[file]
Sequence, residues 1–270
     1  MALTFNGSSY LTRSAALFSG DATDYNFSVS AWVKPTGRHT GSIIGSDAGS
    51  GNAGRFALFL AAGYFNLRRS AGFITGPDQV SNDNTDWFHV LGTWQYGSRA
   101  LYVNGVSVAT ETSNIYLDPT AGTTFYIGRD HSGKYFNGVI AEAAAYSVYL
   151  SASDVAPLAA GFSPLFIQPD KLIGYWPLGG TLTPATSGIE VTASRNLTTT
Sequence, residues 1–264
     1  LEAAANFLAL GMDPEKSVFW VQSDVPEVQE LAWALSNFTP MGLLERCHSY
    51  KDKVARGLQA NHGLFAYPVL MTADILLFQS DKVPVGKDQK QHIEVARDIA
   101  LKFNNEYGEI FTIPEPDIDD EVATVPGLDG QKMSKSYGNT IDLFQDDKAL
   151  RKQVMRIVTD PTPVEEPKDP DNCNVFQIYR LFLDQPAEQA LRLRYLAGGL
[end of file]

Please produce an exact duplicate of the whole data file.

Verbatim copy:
Sequence, residues 1–270
     1  MALTFNGSSY LTRSAALFSG DATDYNFSVS AWVKPTGRHT GSIIGSDAGS
    51  GNAGRFALFL AAGYFNLRRS AGFITGPDQV SNDNTDWFHV LGTWQYGSRA
   101  LYVNGVSVAT ETSNIYLDPT AGTTFYIGRD HSGKYFNGVI AEAAAYSVYL
   151  SASDVAPLAA GFSPLFIQPD KLIGYWPLGG TLTPATSGIE VTASRNLTTT
Sequence, residues 1–264
     1  LEAAANFLAL GMDPEKSVFW VQSDVPEVQE LAWALSNFTP MGLLERCHSY
    51  KDKVARGLQA NHGLFAYPVL MTADILLFQS DKVPVGKDQK QHIEVARDIA
   101  LKFNNEYGEI FTIPEPDIDD EVATVPGLDG QKMSKSYGNT IDLFQDDKAL
   151  RKQVMRIVTD PTPVEEPKDP DNCNVFQIYR LFLDQPAEQA LRLRYLAGGL